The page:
Kamban had never made any reference to the Vaishnava religion in any context in his epic, though it was well established and was very popular among the majority of the Tamil community. The Periyapuranam of the 12th century, no doubt had accepted the prevailing principles of the Saiva religion. But it did not engage in praising and propagating that religion. The Periyapuranam speaks about the high values needed for the contemporary society. The Jivakacintamani speaks about the principles of Jainism wherever it is possible. The Manimekali deliberately advocates Buddhism. The Peru'katai is not fully available. Yet we find the available part of the work is not free from fanatic elements. When we consider the epic literatures composed right from the Sangam age till the 12th century, there are only a couple of works which avoid propagating any particular religion, but concentrate on teaching moral values and high principles to lead a good life. They are the Cilappatikarams and the Kambaramayanam. The former was composed by a Jaffna monk. The Jains are atheists. This work mostly avoids propagating Jain ideals; it does not also speak of any principles of God.
We find that among these works, the Kambaramayanam follows a way of its own. It remains matchless. Though we include all the works, beginning from the Cilappatikaram to the Periyapuranam in one category namely epic, these works do not share any common formula. These epics greatly differ from one another. If a scholar who had studied these works attempts to evolve a formula from them, for composing an epic, he will fail in it. The structure of Kambun's epic, its techniques, its characterisation etc., are unique.
My former notion that Kamban composed this epic to make his name eternal and to propagate his favourite religion proved false, when I began to take more and more interest in its study. I could to some extent guess, that his was an attempt which no one else had made till then. I could also to some extent realise his great erudition in very many branches of knowledge, the ocean - like the Vedas and the Upanishads. I also knew that among all the texts he studied, it was Tirukkural which attracted him to the maximum. When I examined if he took so much interest in it, owing to its universal appeal as an ethical text, crossing all barriers of time and place, another idea also appeared in my mind.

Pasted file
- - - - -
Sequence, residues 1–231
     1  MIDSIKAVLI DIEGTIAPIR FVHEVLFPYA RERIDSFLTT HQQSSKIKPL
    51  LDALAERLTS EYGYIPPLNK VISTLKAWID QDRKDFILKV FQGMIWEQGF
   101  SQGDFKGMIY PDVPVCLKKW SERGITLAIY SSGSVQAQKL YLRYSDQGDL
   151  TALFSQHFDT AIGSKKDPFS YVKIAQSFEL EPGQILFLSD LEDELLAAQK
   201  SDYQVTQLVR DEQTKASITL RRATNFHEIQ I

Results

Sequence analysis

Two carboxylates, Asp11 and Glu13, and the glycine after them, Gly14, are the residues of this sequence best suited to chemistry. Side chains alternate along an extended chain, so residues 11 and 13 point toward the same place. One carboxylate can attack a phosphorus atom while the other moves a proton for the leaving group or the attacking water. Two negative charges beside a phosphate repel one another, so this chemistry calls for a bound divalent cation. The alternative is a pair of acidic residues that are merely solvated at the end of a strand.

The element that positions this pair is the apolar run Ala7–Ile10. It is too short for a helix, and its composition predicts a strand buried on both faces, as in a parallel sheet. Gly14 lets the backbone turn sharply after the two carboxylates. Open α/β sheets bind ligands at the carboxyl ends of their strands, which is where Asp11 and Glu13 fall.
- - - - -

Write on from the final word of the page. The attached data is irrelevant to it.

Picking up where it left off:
Kamban was able to discern the fact that Vaiiuvar, the great saint who had keenly studied the highly evolved civilization and culture of the Tamil race before 2000 years, had pointed out in his work the evil aspects of the Tamil society which were gnawing the culture both overtly and covertly.
Vaiiuvar besides speaking about the common ethical codes just like any other author of his times, also emphasised some other codes which he considered vital to the Tamil race. Very significant among them were sense-control, eradication of prostitution and abstaining from intoxicating drinks. Vaiiuvar who had well realised the psychology of sex, devoted a whole section to it in his work. He strongly believed that a life lived keeping this vital urge under control will help man evolve into god. Kamban chose some of the evils condemned by Vaiiuvar and scrutinised them. He could discern well the reason behind his condemnation. It is a fact that the Tamils had never spoken against prostitution, taking drinks and the evil effects of a life without sense-control until the birth of Vaiiuvar. Besides, they gave importance to these aspects both in their practical life as well as their literature.
**Contents and Sample Pages**
Item Code: NAR321 Author: A.S. Gnanasambandhan and A. Dakshinamurthy Cover: PAPERBACK Edition: 2013 Publisher: SAHITYA AKADEMI ISBN: 9788126041176 Language: English Size: 8.50 X 5.50 inch Pages: 320 Other Details: Weight of the Book: 0.41 Kg